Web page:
Kicking off any wedding are the invitations, with Betty Hunley Designs Inc., a longtime a favorite for couples to turn to: Betty Hunley started designing for customers in 1978, with her store opening in 1983.
“It has definitely been a crazy two years for weddings,” says Hunley. “We had so many couples that had to either cancel, downsize or just postpone their weddings.”
Hunley says she was blown away about how every single bride she met with was such a good sport, adding, “I knew their hearts were broken, but we managed to come up with plan to reinvent their big day,” which often meant inviting fewer guests.
One trend she has seen with couples is to order custom envelope liners for the wedding invitations. “We have done watercolor images of venues, churches and gardens,” she says. And, cyphers are still in demand.
One big change from the pandemic for Hunley is response cards.
“During the pandemic, we recommended couples use a response card that requested the guest RSVP to the wedding website,” she says. “I’m very ‘old school’ and traditional when it comes to wedding etiquette, but because of the mail service being so unpredictable and so many people doing everything electronically these days, I think it makes perfect sense,” adding that is also saves the couple money.
But in some ways, this new tradition recalls an old one that had almost been forgotten.
“If the guest is ‘old school,’ they have the option of sending a hand written response to the bride, which is really the way it was done ‘back in the day’!”
Hunley recommends couples get their lists completed as quickly as possible after the engagement because almost every vendor is going to ask how many people will be invited and make an appointment because most everything is taking longer than normal to be completed and delivered, an issue Mitch’s Flowers also mentioned.
“The market is pretty challenging for us with lack of help at farms, shipping concerns, supply and demand,” says a representative of Mitch’s Flowers. “It’s always good to have a few favorites, but it’s also difficult to break the news of not being able to get that one flower that they have to have.”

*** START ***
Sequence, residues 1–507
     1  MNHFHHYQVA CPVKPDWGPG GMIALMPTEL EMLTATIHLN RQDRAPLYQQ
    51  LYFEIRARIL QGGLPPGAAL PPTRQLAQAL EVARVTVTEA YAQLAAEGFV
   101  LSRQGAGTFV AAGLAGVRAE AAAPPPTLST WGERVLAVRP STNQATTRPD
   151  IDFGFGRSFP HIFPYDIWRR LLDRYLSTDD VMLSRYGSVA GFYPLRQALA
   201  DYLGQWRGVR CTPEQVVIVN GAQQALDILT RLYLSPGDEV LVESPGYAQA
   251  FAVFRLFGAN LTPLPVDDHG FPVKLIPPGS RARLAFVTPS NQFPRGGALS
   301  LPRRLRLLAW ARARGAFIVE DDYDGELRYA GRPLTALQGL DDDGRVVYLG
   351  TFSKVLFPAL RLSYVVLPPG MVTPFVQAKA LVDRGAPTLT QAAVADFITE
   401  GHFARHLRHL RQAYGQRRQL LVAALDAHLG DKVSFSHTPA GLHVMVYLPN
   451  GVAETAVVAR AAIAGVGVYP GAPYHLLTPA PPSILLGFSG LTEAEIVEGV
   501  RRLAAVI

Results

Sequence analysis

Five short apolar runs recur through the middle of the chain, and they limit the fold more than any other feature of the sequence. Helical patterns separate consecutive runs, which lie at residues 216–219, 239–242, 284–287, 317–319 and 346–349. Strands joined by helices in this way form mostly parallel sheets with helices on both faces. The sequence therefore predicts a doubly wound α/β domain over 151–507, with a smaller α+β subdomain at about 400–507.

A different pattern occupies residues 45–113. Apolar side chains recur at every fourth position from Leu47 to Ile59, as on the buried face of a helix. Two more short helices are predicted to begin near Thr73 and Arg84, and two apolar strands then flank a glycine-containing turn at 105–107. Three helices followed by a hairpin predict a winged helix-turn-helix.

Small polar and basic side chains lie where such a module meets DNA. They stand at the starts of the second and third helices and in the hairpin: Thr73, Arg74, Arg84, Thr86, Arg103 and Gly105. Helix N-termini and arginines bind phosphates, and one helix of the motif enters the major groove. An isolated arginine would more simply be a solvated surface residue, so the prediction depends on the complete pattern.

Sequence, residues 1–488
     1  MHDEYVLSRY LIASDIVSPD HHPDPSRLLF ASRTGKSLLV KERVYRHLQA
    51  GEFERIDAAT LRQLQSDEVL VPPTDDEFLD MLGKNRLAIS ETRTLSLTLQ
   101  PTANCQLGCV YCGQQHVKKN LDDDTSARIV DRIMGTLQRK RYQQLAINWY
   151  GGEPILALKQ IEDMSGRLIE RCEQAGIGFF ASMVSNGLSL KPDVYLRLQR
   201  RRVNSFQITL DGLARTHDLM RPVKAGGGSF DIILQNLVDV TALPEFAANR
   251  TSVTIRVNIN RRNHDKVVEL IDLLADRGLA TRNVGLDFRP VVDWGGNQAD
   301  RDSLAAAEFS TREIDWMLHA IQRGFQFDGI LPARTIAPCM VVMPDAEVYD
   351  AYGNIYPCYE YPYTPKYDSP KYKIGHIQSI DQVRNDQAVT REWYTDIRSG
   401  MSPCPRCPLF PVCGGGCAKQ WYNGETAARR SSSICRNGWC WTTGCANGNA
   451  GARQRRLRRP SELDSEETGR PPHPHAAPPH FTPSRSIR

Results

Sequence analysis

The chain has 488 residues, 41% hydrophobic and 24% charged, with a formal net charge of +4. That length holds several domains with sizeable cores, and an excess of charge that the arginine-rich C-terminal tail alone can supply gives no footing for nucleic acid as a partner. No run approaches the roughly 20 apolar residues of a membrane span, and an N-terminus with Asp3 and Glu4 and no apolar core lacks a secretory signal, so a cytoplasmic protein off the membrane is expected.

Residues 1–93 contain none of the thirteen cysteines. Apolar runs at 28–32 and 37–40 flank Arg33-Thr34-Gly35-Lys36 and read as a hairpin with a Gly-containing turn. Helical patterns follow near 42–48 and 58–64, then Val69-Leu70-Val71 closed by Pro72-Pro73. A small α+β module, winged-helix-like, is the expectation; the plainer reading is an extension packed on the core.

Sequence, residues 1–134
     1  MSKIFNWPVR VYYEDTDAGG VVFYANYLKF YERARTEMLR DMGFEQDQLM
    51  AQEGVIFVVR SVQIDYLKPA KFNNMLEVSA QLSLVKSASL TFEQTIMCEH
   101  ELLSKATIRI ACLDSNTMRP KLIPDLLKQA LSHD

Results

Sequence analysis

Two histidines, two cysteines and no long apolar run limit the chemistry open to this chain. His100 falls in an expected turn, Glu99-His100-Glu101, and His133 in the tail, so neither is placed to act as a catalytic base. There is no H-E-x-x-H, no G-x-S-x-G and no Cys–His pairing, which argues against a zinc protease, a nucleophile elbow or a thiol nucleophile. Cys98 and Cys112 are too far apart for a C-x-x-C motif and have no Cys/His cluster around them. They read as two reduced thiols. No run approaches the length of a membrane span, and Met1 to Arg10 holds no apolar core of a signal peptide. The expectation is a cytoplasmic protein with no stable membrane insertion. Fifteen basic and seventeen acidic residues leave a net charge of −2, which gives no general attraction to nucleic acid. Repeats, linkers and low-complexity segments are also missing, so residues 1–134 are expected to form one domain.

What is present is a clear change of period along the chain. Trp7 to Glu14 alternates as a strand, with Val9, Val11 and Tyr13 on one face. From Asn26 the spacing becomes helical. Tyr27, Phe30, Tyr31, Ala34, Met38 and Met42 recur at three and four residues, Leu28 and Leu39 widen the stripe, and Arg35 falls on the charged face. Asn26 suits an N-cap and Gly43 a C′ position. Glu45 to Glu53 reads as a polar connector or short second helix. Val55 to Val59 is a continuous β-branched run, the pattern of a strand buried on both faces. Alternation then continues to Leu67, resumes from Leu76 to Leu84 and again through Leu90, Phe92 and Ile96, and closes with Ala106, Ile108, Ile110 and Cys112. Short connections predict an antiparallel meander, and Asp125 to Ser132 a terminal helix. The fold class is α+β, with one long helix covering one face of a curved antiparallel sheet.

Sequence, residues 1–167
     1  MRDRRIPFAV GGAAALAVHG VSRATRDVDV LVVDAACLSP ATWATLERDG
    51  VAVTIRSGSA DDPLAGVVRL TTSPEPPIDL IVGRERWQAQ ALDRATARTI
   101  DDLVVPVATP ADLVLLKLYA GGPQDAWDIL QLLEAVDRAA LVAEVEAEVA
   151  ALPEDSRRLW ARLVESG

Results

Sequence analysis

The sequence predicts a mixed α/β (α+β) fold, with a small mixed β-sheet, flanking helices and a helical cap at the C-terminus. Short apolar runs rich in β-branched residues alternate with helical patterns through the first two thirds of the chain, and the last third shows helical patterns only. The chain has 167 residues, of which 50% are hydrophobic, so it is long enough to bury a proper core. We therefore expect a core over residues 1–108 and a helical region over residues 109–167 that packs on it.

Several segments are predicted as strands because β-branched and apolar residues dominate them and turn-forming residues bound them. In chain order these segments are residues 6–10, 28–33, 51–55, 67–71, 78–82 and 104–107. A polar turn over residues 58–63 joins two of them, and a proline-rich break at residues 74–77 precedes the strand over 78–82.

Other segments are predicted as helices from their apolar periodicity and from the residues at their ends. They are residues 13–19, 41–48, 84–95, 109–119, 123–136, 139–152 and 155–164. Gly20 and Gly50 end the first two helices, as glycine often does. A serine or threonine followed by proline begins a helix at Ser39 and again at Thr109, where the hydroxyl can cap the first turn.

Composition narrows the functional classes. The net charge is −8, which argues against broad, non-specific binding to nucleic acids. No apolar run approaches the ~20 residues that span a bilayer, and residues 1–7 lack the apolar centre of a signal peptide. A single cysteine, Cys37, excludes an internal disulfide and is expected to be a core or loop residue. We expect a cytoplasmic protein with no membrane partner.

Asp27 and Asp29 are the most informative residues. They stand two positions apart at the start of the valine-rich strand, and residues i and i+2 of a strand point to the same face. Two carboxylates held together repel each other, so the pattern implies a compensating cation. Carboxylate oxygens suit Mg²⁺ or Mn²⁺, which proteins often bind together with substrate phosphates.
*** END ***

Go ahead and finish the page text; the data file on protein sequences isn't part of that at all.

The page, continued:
Splurging on floral wedding arches has been a trend, and there’s a preference with stylized bouquets as opposed to the standard open-ended flowers.
Moody colors were also trending, “using deep burgundy, reds, blacks and purples. The addition of dried and preserved items has also been a hit all-year long,” the representative adds.
The demand for quality diamonds pushed up prices in 2021, says Brandon Boudreaux, lead designer of Boudreaux’s Jewelers.
But, “I’ve never had to turn away a client for lack of availability. Our sources are worldwide, so as long as a client has a workable time frame, anything is possible.”
Boudreaux says they are finding that the “hidden halo ring is becoming one of our most popular styles. It features diamonds surrounding the gallery of the diamond to give a hidden detail that only the bride sees,” says Boudreaux.
Couples are also becoming more interested in custom rings, which is something Boudreaux’s can do because “We have control over the design process from start to finish to deliver what couples are looking for in a custom engagement ring,” Boudreaux says.
Custom is what Cortez E. Jackson of Lavoisier Suits does. His suits and tuxedos – for men, women, boys and girls – are custom-made and are known for attention to detail.
Originally from St. Louis, Jackson moved down here for a job, but realized his heart was in fashion and made the leap, starting at home in New Orleans East and in 2019, moving to Canal Place office building. Jackson named is company after his uncle, Walter Lavoisier, who made men’s clothing in St. Louis.
“It’s how I honor him,” Jackson says.
Jackson’s process starts with an appointment, followed by the initial consultation to find out what the suit or tuxedo is for, be it for a wedding, business event, Carnival ball or the like.
Based on the conversation, which includes the color palette, Jackson pulls fabric books, filling in with textures, fabric and finishes, such as thread color, monograms and lining. He also takes detailed measurements, including kneecaps and calves.
What Jackson is finding popular with weddings are custom linings, which can include a montage of photos of the important moments for the couples.
Another unique touch: Jackson can add the wedding hashtag under the collar of the suit jacket as a fun reminder of the special day.